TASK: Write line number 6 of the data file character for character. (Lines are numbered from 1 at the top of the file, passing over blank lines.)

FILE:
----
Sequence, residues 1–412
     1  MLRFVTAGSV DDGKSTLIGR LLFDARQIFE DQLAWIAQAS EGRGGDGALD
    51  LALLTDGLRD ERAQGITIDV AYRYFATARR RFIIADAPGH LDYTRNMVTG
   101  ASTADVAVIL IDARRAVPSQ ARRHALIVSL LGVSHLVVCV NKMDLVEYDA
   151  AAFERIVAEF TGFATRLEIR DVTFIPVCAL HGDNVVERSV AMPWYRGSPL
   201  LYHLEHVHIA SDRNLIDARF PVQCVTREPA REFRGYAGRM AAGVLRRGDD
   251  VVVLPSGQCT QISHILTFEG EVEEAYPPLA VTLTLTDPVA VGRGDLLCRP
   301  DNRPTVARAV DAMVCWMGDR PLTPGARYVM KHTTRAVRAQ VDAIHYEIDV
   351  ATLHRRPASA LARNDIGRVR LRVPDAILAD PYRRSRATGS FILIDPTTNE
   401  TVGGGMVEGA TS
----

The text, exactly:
   201  LYHLEHVHIA SDRNLIDARF PVQCVTREPA REFRGYAGRM AAGVLRRGDD